TO READ my review of Writing Blue Highways: The Story of How a Book Happened, here’s a link to FIRST OF MANY.
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Photo by Don McLeer, Missouri River
“All of those things – rock and men and river – resisted change, resisted the coming as they did the going.
The nature of things is resistance to change, while the nature of process is resistance to stasis,
yet things and process are one, and the line from inorganic to organic and
back is uninterrupted and unbroken.” ― William Least Heat-Moon
  •  I began this shiny new year in SunnyRoomStudio by considering how smallish changes can deliver significant impact … often in ways that surprise us with their staying power. Looking upward more frequently to study the sky, for instance, can yield a needed change in perception, a calming pause in a hectic day, a chance to connect with nature and something beyond our immediate environment. It doesn’t require a financial investment or ask to be scheduled into our day.
  • So, today, I wanted to mention another smallish change with wonderful potential. Give something away as often as possible. Big or small … make it a spiritual practice. Find things around your home that someone else needs more than you do. Letting go of “things” can remind us of the temporary nature of life, and help us build a bridge to others at the same time. Let me know how it goes, what ways you find to extend or refine this idea. Small changes are the magic of our lives!
Book update … 
My memoir, The Silence of Morning: A Memoir of Time Undone, will be available in KINDLE format February 10th, which is my son’s birthday. The print edition has been released.
A poignant, courageous narrative; a book for all seasons that forges lasting
bonds of connection and understanding; a determined and inspired spiritual journey.  
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“When I began writing this book I wondered what was left to say, to do, after a sudden death.
When everyone had returned to schedules, routines, and responsibilities that were insistently framed by
calendars and clocks, not by the stirring passion of grief–and I felt alone like never before.
Is that where the conversation ends, I’d wondered.”

  • Thanks so much for stopping by.
  • I’ll be back on Friday, February 19th with another smallish change that holds the promise of something more.

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About my 2014 book release …

Always Returning: The Wisdom of Place is about digging into our surroundings to unearth an organic, timeless wisdom. If you’re looking for inspiration or want to lean more about a landscape, a place, that helped me to unearth my spiritual roots, this is a book you’ll enjoy. We are much wiser than we imagine; it’s only a matter of tapping into what we already know. ~ D.A. Hickman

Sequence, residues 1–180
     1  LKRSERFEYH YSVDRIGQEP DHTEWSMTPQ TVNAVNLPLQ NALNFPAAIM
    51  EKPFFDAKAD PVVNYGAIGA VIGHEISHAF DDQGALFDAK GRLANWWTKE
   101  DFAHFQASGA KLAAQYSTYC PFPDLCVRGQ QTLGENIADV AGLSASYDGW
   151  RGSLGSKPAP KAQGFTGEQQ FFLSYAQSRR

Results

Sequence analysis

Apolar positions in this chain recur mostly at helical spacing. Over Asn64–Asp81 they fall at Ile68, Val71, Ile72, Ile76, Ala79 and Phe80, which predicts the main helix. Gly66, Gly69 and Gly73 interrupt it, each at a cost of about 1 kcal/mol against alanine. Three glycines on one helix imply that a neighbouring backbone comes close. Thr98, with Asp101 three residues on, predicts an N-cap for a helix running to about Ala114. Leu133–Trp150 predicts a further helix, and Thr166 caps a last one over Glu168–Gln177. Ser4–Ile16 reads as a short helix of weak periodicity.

TRUSTING EXPERIENCE

I AM FAIRLY certain most of us begin a new year with mixed emotions. Whenever we grapple with elements of time, the emotional back and forth–the reluctance to let go and move forward, coupled with excitement about a new year–is there. Most of us probably enjoyed a break from routine in December, and now we are faced with returning to that routine in whatever form it manifests in our lives. A little reluctance is normal. Maybe even necessary. Maybe we should be asking ourselves, in fact, how much of our routine can be updated, revised slightly, or even greatly modified. But sometimes it’s the smallish changes that surprise us the most, offering more impact than anticipated.

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So I’m starting off a new year with one very simple change … I am going to look at the sky more often each day. I hope you will join me! A sky view is always expansive (as opposed to narrow, or based on fuzzy logic or past conditioning) and, nearly always, beautiful. Even if dark storm clouds threaten, there is MUCH to see … when we pause to look.

And though the sky itself may feel mysterious and magical and mystical all at once … it’s always there for our eyes and souls to consider whenever we take that deep breath, that deep pause. In the spirit of slowing down … even this can make a big difference.

We are living with a grayish winter sky these days, but maybe this is the sky of “hope” … knowing the light is there, just not revealed through the eyes.

“I can see the sun, but even if I cannot see the sun, I know that it exists. And to know that the sun is there – that is living.” ―Dostoyevsky,  The Brothers Karamazov

Best wishes to everyone as we venture into uncharted territory this year. May you find inspiration, joy, and peace in the days ahead. And let me know if you are considering any smallish changes that hold the promise of something more. –dh